President Alexander Lukashenko has dismissed the protesters as Western puppets and threatened opposition leaders with criminal charges.
Belarusian authorities have opened a criminal probe against opposition activists who set up a council to negotiate the transition of power amid massive protests challenging the extension of the 26-year rule of the country's authoritarian leader in a vote the opposition saw as rigged.
Following up on President Alexander Lukashenko's statement on Thursday, the prosecutors opened a criminal investigation against the opposition activists on charges of undermining national security, and a leading opposition figure reported being threatened with arrest.
The 65-year-old Belarusian leader dismissed the European Union's criticism of the August 9 vote and told its leaders to mind their own business.
The EU's leaders on Wednesday rejected the official results of the election that showed Lukashenko win 80 percent of the vote and expressed solidarity with protesters. The EU said it’s preparing sanctions against Belarusian officials responsible for the brutal post-election police actions.
Massive police crackdown
During the first four days of protests, police detained almost 7,000 people and injured hundreds with rubber bullets, stun grenades and clubs. At least three protesters died.
The crackdown fueled massive outrage and swelled protesters’ ranks, forcing authorities to change tactics and stop breaking up crowds that grew to an unprecedented 200,000 on Sunday.
Protests continued on Thursday in Minsk and other Belarusian cities for the 12th straight day.
After standing back for days, police again beefed up their presence on the streets of the Belarusian capital on Wednesday, blocking access to some government buildings and also deploying in numbers outside major factories where workers have been on strike since Monday.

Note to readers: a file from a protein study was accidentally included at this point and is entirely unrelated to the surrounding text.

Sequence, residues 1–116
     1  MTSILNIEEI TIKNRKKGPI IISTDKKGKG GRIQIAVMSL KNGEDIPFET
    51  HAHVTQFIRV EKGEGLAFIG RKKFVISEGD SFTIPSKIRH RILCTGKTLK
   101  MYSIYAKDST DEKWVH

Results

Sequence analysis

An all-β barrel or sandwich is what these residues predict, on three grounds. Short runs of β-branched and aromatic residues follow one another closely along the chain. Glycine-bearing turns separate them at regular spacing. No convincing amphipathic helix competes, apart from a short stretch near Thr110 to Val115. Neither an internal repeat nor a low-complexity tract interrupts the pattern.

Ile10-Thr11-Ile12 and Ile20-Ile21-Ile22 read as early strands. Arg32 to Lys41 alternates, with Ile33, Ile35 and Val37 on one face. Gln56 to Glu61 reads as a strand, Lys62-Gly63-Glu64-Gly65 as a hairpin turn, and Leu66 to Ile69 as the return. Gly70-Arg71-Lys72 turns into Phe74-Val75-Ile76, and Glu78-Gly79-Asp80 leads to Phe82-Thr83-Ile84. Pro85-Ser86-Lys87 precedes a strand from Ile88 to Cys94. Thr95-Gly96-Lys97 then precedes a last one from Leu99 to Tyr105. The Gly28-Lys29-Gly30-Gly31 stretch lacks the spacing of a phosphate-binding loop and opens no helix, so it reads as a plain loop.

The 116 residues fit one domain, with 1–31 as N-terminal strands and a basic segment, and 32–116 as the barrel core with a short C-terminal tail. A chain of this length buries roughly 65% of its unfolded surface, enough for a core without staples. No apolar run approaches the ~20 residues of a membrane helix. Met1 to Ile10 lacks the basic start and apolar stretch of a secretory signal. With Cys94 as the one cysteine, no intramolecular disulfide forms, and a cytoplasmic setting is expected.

The industrial action that has engulfed major factories across the country cast a tough challenge to Lukashenko, who had relied on blue-collar workers as his core support base.
In a bid to stop the strike from spreading, Lukashenko on Wednesday said that the participants would face dismissal and ordered law enforcement agencies to protect factory managers from the opposition pressure.
Hundreds of state TV employees have also gone on strike, shaking the government’s control of the media.
New opposition body
Opponents of Lukashenko, a gruff former collective farm boss in power for 26 years, unveiled the Coordination Council on Tuesday with the stated aim of negotiating a transfer of power.
The Belarusian leader also warned members of the council who held their first meeting on Wednesday that they could face criminal responsibility for their attempt to create “parallel power structures.”
Its dozens of members include a Nobel Prize-winning author and the ousted head of Minsk's main drama theatre, as well as exiled presidential candidate Sviatlana Tsikhanouskaya, whose followers say she won the election.
The general prosecutor's office described the body as designed to seize power, calling the act of setting it up a threat to national security, Russia's RIA news agency reported. No individuals were named as suspects in the case.
The council issued a statement rejecting the accusations and saying its efforts were lawful.
"The accusation is completely baseless and without foundation. Our goal is to resolve the crisis without conflict. We are not calling for the seizure of power," council member Syarhei Dyleuski, leader of a committee of striking workers at the Minsk Tractor Factory, told Reuters.
The council called for a new presidential vote organised by newly formed election commissions and demanded an investigation into the crackdown on protests and compensation for the victims.